An acclaimed, ever-evolving jazz bassist, Dave Holland is a gifted improvisor and composer whose work has touched on acoustic post-bop, avant-garde jazz, and fusion. Along with his contemporaries Eddie Gómez, Miroslav Vitous, and Barry Guy, Holland helped refine and extend the melodic possibilities of the acoustic double bass. Building upon the innovations of slightly older players (Scott LaFaro, Gary Peacock, Barre Phillips), Holland emerged in the late '60s playing with Miles Davis' electric ensemble, and helped carry the acoustic double bass to yet another new level of creativity. In Holland's case, those refinements never lost touch with the core verities of straight-ahead jazz; his sense of swing is unexcelled. Additionally, following in Charles Mingus' footsteps, he gained respect as a composer, issuing landmark albums like 1972's Conference of the Birds and working with esteemed players Kenny Wheeler, Steve Coleman, Anthony Braxton, and others. Many accolades followed, including a Grammy award for Best Jazz Instrumental Performance, Individual or Group for his contribution to vibraphonist Gary Burton's 1999 album Like Minds. He has also won Grammy awards for his big-band albums, including 2002's What Goes Around and 2005's Overtime. He has continued to move between large- and small-group projects, issuing albums like 2010's Grammy-nominated octet effort Pathways, 2018's quartet album Uncharted Territories and 2020's trio work Without Deception.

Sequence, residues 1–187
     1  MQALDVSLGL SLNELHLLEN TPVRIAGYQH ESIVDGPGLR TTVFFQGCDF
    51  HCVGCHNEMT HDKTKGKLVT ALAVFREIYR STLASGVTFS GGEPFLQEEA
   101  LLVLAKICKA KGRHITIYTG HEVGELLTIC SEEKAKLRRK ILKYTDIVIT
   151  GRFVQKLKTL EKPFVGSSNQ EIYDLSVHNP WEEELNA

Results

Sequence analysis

Born in 1946 in Wolverhampton, England, Holland started playing ukulele at the age of four, switching to guitar at ten and bass guitar at 13. He took some piano lessons as a child, but was at first mostly self-taught, learning from pop music songbooks and by listening to the radio. He played in dance bands with friends. As a teenager he decided to try to make a living as a musician. Under the influence of such jazz bassists as Leroy Vinnegar and Ray Brown, Holland took up the double bass, learning primarily by playing along with records. He began playing professionally shortly thereafter. One of his first gigs was in a big band that toured behind the singer Johnny Ray. Holland studied with James E. Merritt, the principal bassist with the London Philharmonic, who recommended him to the degree program at the Guildhall School of Music and Drama.
At Guildhall, Holland gained experience in a variety of styles, from orchestral music to New Orleans jazz to bebop and beyond. In 1966, he began playing with many of the musicians with whom he would collaborate over the next two decades: musicians like trumpeter Kenny Wheeler, saxophonist John Surman, and pianist John Taylor who were well in tune with jazz innovations of the time. Holland acknowledges being influenced by Mingus, LaFaro, Jimmy Garrison, and Gary Peacock at this point in his career. He also became interested in many 20th century classical composers, especially Béla Bartók. Holland played London clubs with England's top jazz musicians, as well as visiting dignitaries like Coleman Hawkins, Ben Webster, and Joe Henderson. In July of 1968, Miles Davis heard him at Ronnie Scott's and asked him to join his band.